One definition of innovator might be “someone who’s in love with the new.”
When you see the world through innovator eyes, you see the potential to do things differently. While everyone around you thinks things are running along just fine, you see how they could be running so much better—whether “better” means quicker, leaner, cleaner, brighter, or just newer.
Your visionary capacity sets you apart from the pack. However, it also creates a divide between you and your customers.
Most innovators I know would agree with the modernist poet William Carlos Williams who practically made a religion out of worshipping the novel. In one of his most iconoclastic works, Williams throws down the gauntlet in defence of newness:
“Nothing is good save the new. If a thing have novelty it stands intrinsically beside every other work of artistic excellence.”
William Carlos Williams, Prologue to Kora In Hell (1920)
As a business change-maker, you’d probably find Williams a kindred spirit. But I bet that most of the people you need to communicate with to make your business run would find him scary.
For many people, novelty is frightening. Because newness brings change, and change brings various kinds of discomfort: uncertainty, ambiguity, adjustment, to name just a few.
As I’m sure you’ve heard, people tend to buy from (and invest in) companies they know, like, and trust. As an innovator, you’re presenting your audiences with solutions that are unknown, and therefore hard to like or trust. Newness is not necessarily a strong selling point.
A tale of two sales calls
For example, let’s consider two different sales calls to a store that sells paper products (notebooks, greeting cards, and so on). In the first call, the sales rep from Company A presents stationery produced from conventional (tree-based) paper featuring the latest colors and designs. In the second call, the sales rep from Company B presents a similar product line, but their paper is produced from apple peelings.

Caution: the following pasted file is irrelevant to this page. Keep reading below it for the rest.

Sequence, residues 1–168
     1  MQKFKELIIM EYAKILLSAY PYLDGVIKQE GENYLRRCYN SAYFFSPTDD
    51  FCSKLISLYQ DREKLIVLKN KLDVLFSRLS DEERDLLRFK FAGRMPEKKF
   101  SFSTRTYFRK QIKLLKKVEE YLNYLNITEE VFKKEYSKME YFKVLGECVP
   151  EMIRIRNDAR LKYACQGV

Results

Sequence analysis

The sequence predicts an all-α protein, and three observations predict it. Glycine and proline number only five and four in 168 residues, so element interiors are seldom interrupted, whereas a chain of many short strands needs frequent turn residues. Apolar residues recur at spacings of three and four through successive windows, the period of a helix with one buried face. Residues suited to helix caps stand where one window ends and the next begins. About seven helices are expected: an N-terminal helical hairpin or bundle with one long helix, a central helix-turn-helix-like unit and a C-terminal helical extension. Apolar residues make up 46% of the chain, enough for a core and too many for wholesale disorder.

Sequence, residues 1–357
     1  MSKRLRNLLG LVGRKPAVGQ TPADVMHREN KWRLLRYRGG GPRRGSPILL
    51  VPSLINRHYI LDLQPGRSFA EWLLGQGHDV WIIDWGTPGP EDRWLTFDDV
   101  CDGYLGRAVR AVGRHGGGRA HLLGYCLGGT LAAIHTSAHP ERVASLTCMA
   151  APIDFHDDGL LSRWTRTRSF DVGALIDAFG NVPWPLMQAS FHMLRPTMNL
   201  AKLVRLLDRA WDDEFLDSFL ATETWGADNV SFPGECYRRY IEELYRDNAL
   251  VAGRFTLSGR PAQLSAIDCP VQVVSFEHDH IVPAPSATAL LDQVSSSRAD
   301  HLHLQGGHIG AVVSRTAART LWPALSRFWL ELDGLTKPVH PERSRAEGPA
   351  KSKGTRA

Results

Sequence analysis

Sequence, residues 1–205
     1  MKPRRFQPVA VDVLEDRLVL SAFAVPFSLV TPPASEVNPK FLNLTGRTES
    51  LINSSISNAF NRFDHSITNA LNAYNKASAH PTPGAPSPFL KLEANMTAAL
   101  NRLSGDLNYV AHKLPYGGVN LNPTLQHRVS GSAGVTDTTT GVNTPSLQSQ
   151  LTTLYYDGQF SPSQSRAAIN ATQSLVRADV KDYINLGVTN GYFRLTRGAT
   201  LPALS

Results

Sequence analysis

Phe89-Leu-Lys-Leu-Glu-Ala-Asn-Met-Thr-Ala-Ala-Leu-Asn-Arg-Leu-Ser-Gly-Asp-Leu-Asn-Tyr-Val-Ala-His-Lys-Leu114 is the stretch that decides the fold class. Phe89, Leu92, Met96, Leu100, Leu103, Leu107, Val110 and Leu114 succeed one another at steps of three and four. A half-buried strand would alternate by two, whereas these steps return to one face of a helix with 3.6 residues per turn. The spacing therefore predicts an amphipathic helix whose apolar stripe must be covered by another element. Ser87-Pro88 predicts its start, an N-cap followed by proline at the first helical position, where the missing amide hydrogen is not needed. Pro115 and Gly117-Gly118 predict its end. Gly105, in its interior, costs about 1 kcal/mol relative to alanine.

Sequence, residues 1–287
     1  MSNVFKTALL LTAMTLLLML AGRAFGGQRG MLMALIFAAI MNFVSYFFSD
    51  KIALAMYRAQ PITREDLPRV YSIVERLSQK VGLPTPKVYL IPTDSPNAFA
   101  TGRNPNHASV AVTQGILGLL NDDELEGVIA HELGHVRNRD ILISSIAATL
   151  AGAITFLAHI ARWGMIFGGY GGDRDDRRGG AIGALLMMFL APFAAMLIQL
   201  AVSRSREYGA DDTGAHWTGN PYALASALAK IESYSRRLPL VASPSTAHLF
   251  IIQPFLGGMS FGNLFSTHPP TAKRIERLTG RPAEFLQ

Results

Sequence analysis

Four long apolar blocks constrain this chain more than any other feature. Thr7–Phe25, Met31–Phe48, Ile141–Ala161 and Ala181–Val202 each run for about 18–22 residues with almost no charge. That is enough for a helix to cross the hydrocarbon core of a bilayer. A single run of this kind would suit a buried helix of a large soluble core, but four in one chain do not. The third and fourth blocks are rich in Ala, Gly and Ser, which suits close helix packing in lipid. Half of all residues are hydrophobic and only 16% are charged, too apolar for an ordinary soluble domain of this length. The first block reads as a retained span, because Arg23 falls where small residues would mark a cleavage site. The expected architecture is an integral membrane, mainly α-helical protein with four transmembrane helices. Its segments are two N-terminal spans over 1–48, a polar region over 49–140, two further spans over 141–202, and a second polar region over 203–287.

Who has the tougher sales conversation? Even if the customer is an advocate for environmentally friendly products, chances are that the rep who’s peddling paper made from apples will have a harder job.
Just think of all the questions that could come up as the customer considers this innovative product, that may be completely foreign to them. How durable is the paper? How easy is it to write on? How expensive is it? How does it feel in the hand? How popular has it proven with consumers?
In contrast the sales rep with conventional products will likely face just some predictable questions about price, product track records in similar stores, and so on. The customer probably won’t question the basic functionality of their product, or their personal integrity or sanity (“Apple peels? Really? Are you pulling my leg? You must be crazy if you think I’d put that out for my customers to laugh at!”)
The novelty paradox
This fictional scenario perhaps presents an oversimplified situation. Or does it?
I notice many innovators pitching their novel products on the assumption that their audience will automatically welcome new, unfamiliar (and perhaps untried) features. Yet newness, even when it initially excites your audience, inevitably draws out skepticism. Newness on its own is seldom your strongest selling point.